5 Easy Ideas for Small Kitchens


Originally posted on The Zen of Zada:

Guest Blogger: Casey Makovich

Small kitchens present unique challenges for homeowners, but having a small kitchen doesn’t mean you have to resort to takeout every night. Here are 5 easy ideas for small kitchens that will help make your space look and feel larger.

rbh-k-storage

Add storage wherever possible.

Space-permitting, bring in any storage pieces that will fit in your small kitchen. A kitchen hutch, set of drawers, rolling island or hanging pot rack are all great ways to squeeze in extra kitchen storage.  If you have free wall space, consider adding open shelving or wall organizers for storing smaller kitchen utensils. If your cabinets don’t reach all the way up to the ceiling, make use of above cabinet space with baskets and bins.

If you don’t have room to bring extra storage in,

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Notice of a Proposed Zoning Change


Originally posted on Eliot Neighborhood:

Eliot Zone Map

Eliot Zone Map 2014

If you are a property owner, you probably received this notice in the past month. Normally, a notice like this is cause for alarm, but not in this case. Two major changes are proposed in Eliot as part of the Comp Plan; changing R2 (one residence per 2000 sq ft) zones to R2.5 (one residence per 2500 sq ft) and changing all C (commercial) and E (employment) zones to “Mixed Use.”

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Lloyd District, 1964


Originally posted on Vintage Portland:

This aerial gives a great perspective on the Lloyd District. Lloyd Center, Holladay Park, the Banfield Expressway, and Benson Polytechnic High School are visible.

Aerial view Lloyd Center area, April 24, 1964 : A2012-005

Aerial view Lloyd Center area, April 24, 1964 : A2012-005

View this image in Efiles by clicking here.

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Historic Homes Headed for Demolition


Originally posted on Eliot Neighborhood:

By Sarabeth Long -

623Thompson

623 NE Thompson

There are two 125-year-old houses in Eliot that are going to be demolished if the neighborhood doesn’t rally to save them. The best option would be to purchase them from the developer who owns them, Guy Bryant of GPB Construction, or failing that, to convince him not to tear them down to build his ultramodern 40-foot-tall rowhouses that, needless to say, don’t fit in to the neighborhood. The houses were built at the time the City of Albina was its own city.

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Portland Area Home Prices: A Soft Landing?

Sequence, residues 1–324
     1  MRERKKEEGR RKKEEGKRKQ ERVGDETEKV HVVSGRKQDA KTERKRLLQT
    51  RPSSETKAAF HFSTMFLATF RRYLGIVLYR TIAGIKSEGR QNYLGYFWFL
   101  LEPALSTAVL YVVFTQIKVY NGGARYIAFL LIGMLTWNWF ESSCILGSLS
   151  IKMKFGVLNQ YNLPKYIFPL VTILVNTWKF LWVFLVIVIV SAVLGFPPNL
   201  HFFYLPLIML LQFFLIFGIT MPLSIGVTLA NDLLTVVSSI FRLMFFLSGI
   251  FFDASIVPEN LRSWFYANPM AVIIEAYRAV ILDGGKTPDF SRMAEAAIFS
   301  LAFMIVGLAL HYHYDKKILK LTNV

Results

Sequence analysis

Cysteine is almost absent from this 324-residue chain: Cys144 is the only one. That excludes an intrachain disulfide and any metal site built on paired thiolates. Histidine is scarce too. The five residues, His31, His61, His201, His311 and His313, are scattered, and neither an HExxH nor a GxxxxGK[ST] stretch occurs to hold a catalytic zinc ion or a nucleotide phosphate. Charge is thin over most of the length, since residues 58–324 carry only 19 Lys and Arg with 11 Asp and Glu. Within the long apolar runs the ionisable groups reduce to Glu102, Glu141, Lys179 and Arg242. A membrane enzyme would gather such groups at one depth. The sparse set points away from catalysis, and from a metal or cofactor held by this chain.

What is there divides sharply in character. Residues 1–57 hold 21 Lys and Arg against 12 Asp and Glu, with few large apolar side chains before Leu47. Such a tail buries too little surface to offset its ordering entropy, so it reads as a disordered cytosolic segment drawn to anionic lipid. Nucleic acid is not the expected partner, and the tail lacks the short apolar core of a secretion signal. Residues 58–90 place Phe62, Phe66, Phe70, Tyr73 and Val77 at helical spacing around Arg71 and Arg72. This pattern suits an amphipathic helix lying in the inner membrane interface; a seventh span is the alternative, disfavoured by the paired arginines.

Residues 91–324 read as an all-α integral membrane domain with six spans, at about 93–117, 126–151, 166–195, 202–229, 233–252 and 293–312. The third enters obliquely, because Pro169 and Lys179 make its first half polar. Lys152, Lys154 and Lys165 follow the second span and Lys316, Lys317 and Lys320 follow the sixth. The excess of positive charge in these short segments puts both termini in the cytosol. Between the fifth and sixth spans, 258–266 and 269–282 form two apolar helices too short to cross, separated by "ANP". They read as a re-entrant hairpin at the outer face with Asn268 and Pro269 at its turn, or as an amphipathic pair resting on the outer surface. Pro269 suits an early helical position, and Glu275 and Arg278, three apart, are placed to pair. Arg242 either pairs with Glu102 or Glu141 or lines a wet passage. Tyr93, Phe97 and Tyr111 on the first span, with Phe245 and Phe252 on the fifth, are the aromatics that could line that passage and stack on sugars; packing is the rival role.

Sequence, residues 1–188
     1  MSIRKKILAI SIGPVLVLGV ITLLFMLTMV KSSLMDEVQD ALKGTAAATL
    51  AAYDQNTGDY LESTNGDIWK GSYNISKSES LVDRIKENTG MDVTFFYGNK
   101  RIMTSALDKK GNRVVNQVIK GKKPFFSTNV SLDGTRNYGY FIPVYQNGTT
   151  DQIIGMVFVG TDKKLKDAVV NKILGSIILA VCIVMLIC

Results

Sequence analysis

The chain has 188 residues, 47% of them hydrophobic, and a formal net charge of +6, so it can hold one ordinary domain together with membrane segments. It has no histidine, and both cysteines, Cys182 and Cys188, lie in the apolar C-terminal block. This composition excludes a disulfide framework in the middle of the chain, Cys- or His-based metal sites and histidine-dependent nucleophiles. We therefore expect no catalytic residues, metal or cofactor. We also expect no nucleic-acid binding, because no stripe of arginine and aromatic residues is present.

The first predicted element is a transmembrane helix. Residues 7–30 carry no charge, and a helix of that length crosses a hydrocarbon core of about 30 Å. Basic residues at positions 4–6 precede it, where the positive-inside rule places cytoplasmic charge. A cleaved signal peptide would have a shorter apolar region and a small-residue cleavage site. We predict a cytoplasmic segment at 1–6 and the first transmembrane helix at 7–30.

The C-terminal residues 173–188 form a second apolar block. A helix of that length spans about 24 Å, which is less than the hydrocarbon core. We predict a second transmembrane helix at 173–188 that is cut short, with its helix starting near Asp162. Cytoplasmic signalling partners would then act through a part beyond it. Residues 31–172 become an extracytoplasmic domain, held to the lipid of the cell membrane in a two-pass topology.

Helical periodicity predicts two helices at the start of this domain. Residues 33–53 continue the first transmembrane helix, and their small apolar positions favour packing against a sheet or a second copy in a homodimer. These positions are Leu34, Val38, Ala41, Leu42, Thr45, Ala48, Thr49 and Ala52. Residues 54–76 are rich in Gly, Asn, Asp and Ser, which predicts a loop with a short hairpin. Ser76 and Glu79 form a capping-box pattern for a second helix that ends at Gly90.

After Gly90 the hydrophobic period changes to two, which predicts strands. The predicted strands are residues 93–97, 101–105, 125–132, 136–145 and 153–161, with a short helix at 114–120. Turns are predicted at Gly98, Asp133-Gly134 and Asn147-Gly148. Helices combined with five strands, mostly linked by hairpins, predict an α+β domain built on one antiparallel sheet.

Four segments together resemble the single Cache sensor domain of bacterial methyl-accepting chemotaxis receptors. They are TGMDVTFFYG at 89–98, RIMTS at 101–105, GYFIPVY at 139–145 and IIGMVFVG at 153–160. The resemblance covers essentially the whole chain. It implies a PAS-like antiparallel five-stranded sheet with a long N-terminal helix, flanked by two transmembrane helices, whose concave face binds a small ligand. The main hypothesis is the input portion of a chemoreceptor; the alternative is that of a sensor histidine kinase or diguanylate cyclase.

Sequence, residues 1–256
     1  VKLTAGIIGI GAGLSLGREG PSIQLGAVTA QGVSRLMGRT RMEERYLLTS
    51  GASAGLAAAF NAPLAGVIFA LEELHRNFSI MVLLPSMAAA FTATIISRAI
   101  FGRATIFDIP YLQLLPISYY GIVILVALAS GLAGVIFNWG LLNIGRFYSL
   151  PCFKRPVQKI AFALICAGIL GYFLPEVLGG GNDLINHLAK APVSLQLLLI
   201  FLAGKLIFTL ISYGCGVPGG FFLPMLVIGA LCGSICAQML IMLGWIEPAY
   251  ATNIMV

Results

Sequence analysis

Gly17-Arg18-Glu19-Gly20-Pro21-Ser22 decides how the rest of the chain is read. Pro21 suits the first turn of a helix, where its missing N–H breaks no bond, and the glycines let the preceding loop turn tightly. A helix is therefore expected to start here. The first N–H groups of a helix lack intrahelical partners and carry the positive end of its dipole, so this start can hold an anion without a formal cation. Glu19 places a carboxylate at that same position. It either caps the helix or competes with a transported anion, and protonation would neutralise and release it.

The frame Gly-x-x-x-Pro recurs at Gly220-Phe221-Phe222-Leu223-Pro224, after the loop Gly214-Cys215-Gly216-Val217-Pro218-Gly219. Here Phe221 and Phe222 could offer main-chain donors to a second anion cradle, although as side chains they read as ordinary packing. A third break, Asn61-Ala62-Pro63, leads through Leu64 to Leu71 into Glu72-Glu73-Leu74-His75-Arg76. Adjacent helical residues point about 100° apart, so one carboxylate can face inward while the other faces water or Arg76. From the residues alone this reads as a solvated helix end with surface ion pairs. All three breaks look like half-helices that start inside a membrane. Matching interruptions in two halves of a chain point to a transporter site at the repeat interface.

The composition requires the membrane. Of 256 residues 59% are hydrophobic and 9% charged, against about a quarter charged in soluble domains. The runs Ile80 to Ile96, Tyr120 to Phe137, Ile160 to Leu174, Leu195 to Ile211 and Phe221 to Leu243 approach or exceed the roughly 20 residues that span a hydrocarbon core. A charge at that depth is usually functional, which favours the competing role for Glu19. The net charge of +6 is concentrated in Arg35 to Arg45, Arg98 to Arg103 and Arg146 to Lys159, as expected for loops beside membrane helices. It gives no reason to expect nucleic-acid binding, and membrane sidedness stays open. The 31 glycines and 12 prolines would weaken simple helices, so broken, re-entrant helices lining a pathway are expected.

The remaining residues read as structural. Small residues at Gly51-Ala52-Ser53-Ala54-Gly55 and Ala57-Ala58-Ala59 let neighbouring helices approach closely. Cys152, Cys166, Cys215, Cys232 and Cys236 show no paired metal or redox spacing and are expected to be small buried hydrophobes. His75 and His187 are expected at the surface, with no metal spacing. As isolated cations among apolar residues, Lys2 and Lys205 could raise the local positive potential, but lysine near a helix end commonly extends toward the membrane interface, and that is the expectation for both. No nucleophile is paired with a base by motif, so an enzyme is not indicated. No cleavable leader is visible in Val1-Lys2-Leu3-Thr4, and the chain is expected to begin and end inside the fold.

Originally posted on Willamette Valley Properties:

After a marked rise in home prices, a recent study called the Case-Shiller Home Price Index suggests home prices for our region are decelerating. Prices are still rising, but at a considerably lower rate than before.  

Portland Home Prices, Portland Oregon, Portland Oregon Homes

Soft Landings Are Best When You Stay Above Water

Unlike dips in the past where homeowners were pulled ‘underwater’ and frequently owed more than their property was worth, a potential ‘soft landing’ could actually be good news.

Portland Home Price Index, Portland Case-Shiller, Home Price Index Portland

Portland Case-Shiller Home Price Index Chart

That’s because moderate home price deceleration helps make more sustainable our market gains that began well after the 2007 Great Recession. To be clear, in many areas both locally and nationally, home prices continue to rise. But now it appears Portland’s market trajectory has generally lowered to a more reduced ascent.

Portland Real Estate, Portland Oregon Economy, Portland Oregon Home Prices

This RMLS price chart confirms new figures from the Case-Shiller Home Price Index

The above Regional…

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Rapidly Diminishing REO Foreclosure Sales


Originally posted on BEN LeBRUN:

by Lawrence Yun, PhD., Chief Economist and Senior Vice President, NAR

  • The number of foreclosed home sales has been rapidly falling and could essentially vanish by next year.  Those who specialize in foreclosure sales should therefore look towards other line of business.
  • In August, foreclosed sales comprised only 6 percent of all home sales transactions, down from double-digit figures last year and from near 30 percent few years further back.
  • In addition to fewer distressed properties on the market currently, there is very little in the pipeline.  The number of foreclosure starts is essentially back-to-normal with only 0.4 percent of mortgages undergoing that process.  Moreover, mortgages originated in the past four years are one of the best performing with very little defaults.
  • We should nonetheless be mindful that the overall count of seriously delinquent mortgages and those homes in some stage of foreclosure process are still above historical normal…

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Speak Now or…


Originally posted on Eliot Neighborhood:

Map App

Comprehensive Plan Map App

The second Draft Comprehensive (Comp) Plan is out for review. As noted in previous columns, the State requires Portland to prepare a 20-year plan to accommodate expected future growth. The current Comp Plan was adopted in 1993 and is showing its age. The Draft Plan is expected to be adopted by City Council next summer. City planners are accepting comments on the plan through the end of October and a discussion of the Plan will be part of the General Membership meeting October 13th. This will be your best chance to comment before the final plan. Two public hearings are scheduled in October (the 14th and 28th), and comments can be submitted anytime using the “Map App” and other links on the Comp Plan web site.

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